Data Science

Machine learning & data science for beginners and experts alike.
Alteryx Alumni (Retired)

Q: Where can I download the tool?

A: The tool is currently available as an attachment to this blog post or through this link.


Q: What version of Alteryx Designer do I need to run the Jupyter Flow tool?

A: Jupyter Flow is compatible with Alteryx Designer 2020.4 and up.


Q: Is there a step by step guide to help me get started with Jupyter Flow?

A: Yes. The guide is available here.


Q: Where are the help pages?

A: The help pages are always accessible from any tool's configuration panel. However, here is the link!


Q: What other Jupyter kernels are supported?

A: Any kernel supported by Jupyter should work. However, only Python and Julia have been tested and confirmed to work. Keep in mind that for now Python is the only language which can read and write to Alteryx.


Q: Can I use Conda environments instead of pip VENVs?

A: Yes, but... Ensure that all of the packages you want installed to your tool are in the `site-packages` folder you provide. If Conda installs a package outside of the folder you provide, it will not be picked up by Jupyter Flow. Also, there is sometimes a "DLL load failed" error, which seems to be a symptom more common in Conda environments. If you run into this error, you can try creating a new Conda environment and installing everything via pip and ensuring pywin32==300 is installed instead of 301. If that does not work, the simplest known solution is to use pip venvs to build your Jupyter Flow environments.


Q: I have a DLL load failed error, how do I fix it?

A: There seems to be an issue with pywin32 version 301. Try installing pywin32==300 in your virtual environment. In many cases, this will fix the issue. If it does not, and you're using Conda for environment management, see the question about using conda environments instead of pip venvs. The pywin32 issue is known and can be seen on GitHub here.


Q: I have a NoSuchKernel error, how do I fix it?

A: See the current workaround for this issue here. Hopefully we will have a permanent fix for this issue soon.


Q: I can't seem to debug my _post_processed notebook. Why not?

A: In order to debug your _post_processed notebook, you must enable the back up data cache advanced option in the Jupyter Flow config pane before running the notebook, and you must have pandas and pyarrow installed in the environment from which you're running your _post_processed notebook.


Q: Do I have to install Jupyter in my Jupyter Flow environment in order to use Jupyter Flow?

A: No. Jupyter is only required to open, modify, and and run your Jupyter notebooks. Because interacting with your notebooks requires all of your dependencies to be installed in the environment running Jupyter, it is often faster to install Jupyter in your Jupyter Flow environment and run Jupyter from there. However, ideally you would have one environment for modifying and debugging your Jupyter Flow notebooks and one environment for running them. Similar to development vs production environments. Your development environment should also contain pyarrow and pandas for debugging purposes.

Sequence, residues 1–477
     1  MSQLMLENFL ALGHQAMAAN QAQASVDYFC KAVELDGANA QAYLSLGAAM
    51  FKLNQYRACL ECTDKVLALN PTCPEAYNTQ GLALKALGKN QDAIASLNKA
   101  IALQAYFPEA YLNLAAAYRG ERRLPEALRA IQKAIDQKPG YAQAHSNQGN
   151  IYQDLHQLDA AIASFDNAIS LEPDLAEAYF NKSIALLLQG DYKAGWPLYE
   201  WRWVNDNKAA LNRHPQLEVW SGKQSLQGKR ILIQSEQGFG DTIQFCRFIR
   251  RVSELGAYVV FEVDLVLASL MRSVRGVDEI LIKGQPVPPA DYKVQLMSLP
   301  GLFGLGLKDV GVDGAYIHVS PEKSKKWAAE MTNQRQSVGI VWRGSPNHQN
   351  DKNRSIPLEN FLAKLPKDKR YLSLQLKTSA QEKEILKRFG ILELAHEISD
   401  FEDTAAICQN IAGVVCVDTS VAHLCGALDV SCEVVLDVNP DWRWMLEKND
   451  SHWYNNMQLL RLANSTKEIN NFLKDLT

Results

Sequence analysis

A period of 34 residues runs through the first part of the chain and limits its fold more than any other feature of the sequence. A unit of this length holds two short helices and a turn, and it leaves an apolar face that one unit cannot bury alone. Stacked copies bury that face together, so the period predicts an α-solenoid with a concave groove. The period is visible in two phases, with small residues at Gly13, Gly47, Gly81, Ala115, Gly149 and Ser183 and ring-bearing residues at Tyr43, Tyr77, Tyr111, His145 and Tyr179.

Q: Why is my tool taking so long to build the environment?

A: The time it takes to build a Jupyter Flow environment varies greatly depending on how many packages are in your packages folder. It is advised that you specify an environment containing only the packages you need, as opposed to the common kitchen sink environments we all have lying around.


Q: I have a file does not exist error when I run my notebook. What's going on?

A: A common cause of a file does not exist error is that long paths are not enabled on Windows. Follow the Microsft Docs to enable long paths and try again.


Q: When I input an empty folder into the "Packages" field, sometimes my notebook still runs, even though it has dependencies. Why?

A: Default packages are installed in Jupyter Flow tool. This includes pandas, jupyter, pyarrow, and others. Therefore, if your packages folder is empty, you will still have the base packages available. All of the default packages are visible under "Tools\JupyterFlow_venv\Lib\site-packages," where "Tools" is the directory in which Jupyter Flow is installed on your machine. When your packages folder does contain one of these packages, the version in your packages folder overrides the default version.


Q: What's with the lunar rover tool icon?

A: The tool leverages Jupyter from a distance, as if it were on one of Jupiter's moons, roving around. Plus the tool's original codename was "Moonbuggy."



Banner image by Beate Bachman